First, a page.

Rasoarivelo Andresse Nathalie – Madagascar

Rasoarivelo Andresse Nathalie – Madagascar

Date: November 29, 2015
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“Say no to violence”

Nathalie is one of the beneficiaries of the entrepreneurship project, led by Gender Links (GL) in the urban council of Mahajanga. Attending the training was very exciting for her: she made new friends and established new relationships, especially during the national summit, and she could foresee new perspectives for her business.

Nathalie started the training in July 2014. She attended every step of the training and all of it was beneficial for her. The most interesting parts were the techniques of entrepreneurship such as book keeping, investigations before deciding to act, etc.

Before the training, she worked in a grocery business but it failed because of a lack of skills and lack of experience. After this first attempt, she was desperate and did not manage to find another job. Her participation in the training encouraged her to try again. She began to put into practice lessons learned during the training and she did an analysis of the needs of her village. After this, she opened a new grocery store in the village.

“My life has really changed since I participated in the training because people learned to respect me”, she says. Previously, Nathalie experienced many kinds of violence, such as beating, verbal abuse, cigarette burning and she was sometimes not allowed to work. Her husband used to humiliate her in the street, which had a huge impact on her psychological well-being.

“Now, I can say that I am free from violence”, she says. Her friends are happy for her. However, they are not yet convinced on the issue of gender equality. Nathalie tries to convince them on the importance of gender equality as a way to end violence.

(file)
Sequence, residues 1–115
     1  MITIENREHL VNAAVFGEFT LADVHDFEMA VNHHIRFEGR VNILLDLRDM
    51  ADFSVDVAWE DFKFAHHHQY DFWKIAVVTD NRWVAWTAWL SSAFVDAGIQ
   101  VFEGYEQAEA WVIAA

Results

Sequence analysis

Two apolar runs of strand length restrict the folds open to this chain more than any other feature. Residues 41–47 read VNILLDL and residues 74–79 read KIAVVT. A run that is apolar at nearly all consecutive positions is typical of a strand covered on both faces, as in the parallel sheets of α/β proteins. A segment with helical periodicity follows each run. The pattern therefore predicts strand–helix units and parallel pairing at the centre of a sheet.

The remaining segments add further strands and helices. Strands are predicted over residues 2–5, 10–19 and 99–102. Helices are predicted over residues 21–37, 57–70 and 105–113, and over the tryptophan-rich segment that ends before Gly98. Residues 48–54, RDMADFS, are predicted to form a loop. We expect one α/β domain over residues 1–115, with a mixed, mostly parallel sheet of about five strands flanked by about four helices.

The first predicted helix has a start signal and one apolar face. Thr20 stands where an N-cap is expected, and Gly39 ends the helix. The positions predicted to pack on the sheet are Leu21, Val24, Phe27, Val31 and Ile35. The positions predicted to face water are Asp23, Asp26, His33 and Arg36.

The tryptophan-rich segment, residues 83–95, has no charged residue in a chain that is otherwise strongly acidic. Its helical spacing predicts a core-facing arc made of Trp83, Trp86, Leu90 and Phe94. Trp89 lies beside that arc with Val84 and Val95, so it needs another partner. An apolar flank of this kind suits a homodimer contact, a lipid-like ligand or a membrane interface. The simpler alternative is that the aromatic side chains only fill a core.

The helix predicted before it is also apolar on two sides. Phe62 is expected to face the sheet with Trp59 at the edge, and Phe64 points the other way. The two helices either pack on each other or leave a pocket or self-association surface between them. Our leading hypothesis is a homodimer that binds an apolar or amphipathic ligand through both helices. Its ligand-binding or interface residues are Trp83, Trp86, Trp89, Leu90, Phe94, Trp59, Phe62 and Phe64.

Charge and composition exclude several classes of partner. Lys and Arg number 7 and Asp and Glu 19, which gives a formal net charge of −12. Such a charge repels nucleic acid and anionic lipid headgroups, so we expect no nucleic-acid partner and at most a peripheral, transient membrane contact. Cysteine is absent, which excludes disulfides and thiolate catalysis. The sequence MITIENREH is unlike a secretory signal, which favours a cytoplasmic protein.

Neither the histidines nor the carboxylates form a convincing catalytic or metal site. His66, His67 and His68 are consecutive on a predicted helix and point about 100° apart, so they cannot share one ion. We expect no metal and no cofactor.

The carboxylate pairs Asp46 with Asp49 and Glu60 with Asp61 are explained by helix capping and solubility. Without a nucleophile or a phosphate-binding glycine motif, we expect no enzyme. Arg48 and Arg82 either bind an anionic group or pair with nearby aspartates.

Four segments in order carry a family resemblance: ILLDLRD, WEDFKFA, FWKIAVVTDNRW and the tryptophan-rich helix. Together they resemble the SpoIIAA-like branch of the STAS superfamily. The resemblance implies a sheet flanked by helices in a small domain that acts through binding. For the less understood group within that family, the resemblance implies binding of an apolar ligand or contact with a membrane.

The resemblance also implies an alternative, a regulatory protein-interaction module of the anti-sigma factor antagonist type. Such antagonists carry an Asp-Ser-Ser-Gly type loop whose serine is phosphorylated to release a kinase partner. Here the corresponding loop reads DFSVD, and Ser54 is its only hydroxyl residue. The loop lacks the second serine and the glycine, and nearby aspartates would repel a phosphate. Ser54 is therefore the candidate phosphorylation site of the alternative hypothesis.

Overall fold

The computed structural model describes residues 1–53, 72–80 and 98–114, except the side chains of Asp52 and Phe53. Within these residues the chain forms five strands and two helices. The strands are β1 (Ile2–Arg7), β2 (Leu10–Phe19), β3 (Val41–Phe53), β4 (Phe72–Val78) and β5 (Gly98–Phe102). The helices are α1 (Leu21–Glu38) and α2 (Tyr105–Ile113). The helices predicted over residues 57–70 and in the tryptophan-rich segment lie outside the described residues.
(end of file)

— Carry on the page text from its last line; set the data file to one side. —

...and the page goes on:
The change in Nathalie’s life had a great impact on the people close to her. Her father, for example, has begun to involve her in the family duties, which is proof that she is considered in the family. Previously, he would not have done so.

As a result of her success, people around her are happy as she is no longer a burden for the family. According to her, financial independence and violence are closely linked because women’s dependence on their husbands is favourable for a violent relationship. “My life and my attitude changed and I became stronger mentally as a result of this training,” she says.

She wishes to become a trainer on gender equality so she can help women in her village know their rights. She explains that many women still live in violent situations in her council. At the moment, she is trying to encourage women around her to say no to violence and accept gender equality.

In the near future, she intends to create an association in partnership with the council, an association working towards women’s empowerment.


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